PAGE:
The report attributes this failure due to strong resistance within the police department and inadequate management of the conflict by the city manager.

Timeline of concerns

COURTESY PHOTO: CITY OF GRESHAM - Former City Manager Erik KvarstenIn 2018 Gresham City Council committed to adopting a robust equity and inclusion strategy, but the report highlights several incidents between the police department and those plans.

Within the Gresham Police Department, the report found that all of those interviewed expressed strong support for diversity and equity. But most believed the department was already meeting or exceeding those goals. There was strong resistance to formal training and programs, and police employees tended to dismiss complaints as coming from people who were "too sensitive."

Falls spoke with Kvarsten about his growing concern around the police department's opposition to the city's diversity, equity and inclusion initiative.

The report found:

— In 2015 the city hired Try Excellence LLC, helmed by Bishop Steven Holt, to implement the "Listening Lab and Talking Session." The program was to improve public safety services to a culturally diverse population. During one of the earliest gatherings, at which then-Deputy Chief Sells was in attendance, Officer and Union President Matt Fagan interrupted Holt to say, "who the f___ are you" and asked who he was "to tell me what to do."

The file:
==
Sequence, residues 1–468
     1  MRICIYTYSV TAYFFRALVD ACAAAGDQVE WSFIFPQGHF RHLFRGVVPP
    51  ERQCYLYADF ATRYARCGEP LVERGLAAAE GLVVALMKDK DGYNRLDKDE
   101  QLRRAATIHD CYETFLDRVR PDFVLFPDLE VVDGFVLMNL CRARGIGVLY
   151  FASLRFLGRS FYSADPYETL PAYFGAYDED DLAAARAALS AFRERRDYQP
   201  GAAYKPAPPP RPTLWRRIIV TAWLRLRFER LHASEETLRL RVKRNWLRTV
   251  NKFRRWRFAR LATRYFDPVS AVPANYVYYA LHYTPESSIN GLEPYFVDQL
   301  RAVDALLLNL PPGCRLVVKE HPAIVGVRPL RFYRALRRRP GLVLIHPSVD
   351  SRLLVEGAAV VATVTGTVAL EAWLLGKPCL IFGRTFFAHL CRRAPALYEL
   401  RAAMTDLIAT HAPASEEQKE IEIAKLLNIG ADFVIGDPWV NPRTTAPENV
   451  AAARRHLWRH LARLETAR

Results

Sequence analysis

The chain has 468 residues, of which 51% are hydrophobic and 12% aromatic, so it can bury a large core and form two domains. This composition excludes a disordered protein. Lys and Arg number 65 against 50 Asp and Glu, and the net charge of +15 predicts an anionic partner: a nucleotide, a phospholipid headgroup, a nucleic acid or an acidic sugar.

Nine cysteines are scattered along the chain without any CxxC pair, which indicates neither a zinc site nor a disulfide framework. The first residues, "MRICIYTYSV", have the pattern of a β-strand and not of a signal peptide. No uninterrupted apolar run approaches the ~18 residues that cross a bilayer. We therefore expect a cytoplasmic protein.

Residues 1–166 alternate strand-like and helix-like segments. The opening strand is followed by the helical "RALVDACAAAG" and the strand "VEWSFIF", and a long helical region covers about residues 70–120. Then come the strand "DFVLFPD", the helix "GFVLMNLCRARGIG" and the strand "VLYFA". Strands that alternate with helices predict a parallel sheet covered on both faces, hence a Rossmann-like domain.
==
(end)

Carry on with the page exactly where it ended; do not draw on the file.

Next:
A later session had a police captain assign Holt homework so that he could talk "rationally" about the subject. No corrective actions were taken by the department or city. Soon after, Sells reduced the scope of work contracted with Holt and eventually ceased scheduling trainings.

Holt said during an interview with investigators that he was frustrated by the trainings and he was set up to fail.

Holt later returned to the city in the summer of 2016, motivated by national events and the "Hands Up" movement. He hosted an initial meeting with 200 community attendees and about 40 officers. The report found officers claimed those issues between the public and police did not happen in Gresham, and that "this is not Portland," and "that isn't us." Holt told officers that was not what the community was saying, and that, "Black people don't feel safe around you."

— In May 2018, Sells presented a slide show at an awards banquet. The slides used the theme, "Gnome Lives Matter," a play on how members of the department had kidnapped her garden gnome gifted by family. In an interview with The Outlook, she spoke about the prank and shared some of the photos.

"At an awards banquet the gnome was still missing in action, so I said 'folks, it's time to return my gnome, as gnome lives matter also," she wrote.

The report found the overwhelming view of those at the banquet was it was a lighthearted joke, and described as "incredibly positive."

— In the summer of 2018 several city employees questioned the use of a sombrero drawing on a police picnic invitation. After learning of the complaints, the department announced it would no longer coordinate the lunch.

— Upon the formation of the Equity Action Team, Sells notified Falls in late 2018 that she expected postings by the team on an internal website to be removed, stating she was "dealing with a plethora of upset employees." She went on to write the team's articles and comments "have set us back and that hurt will linger with the men and women of this organization for a long, long time."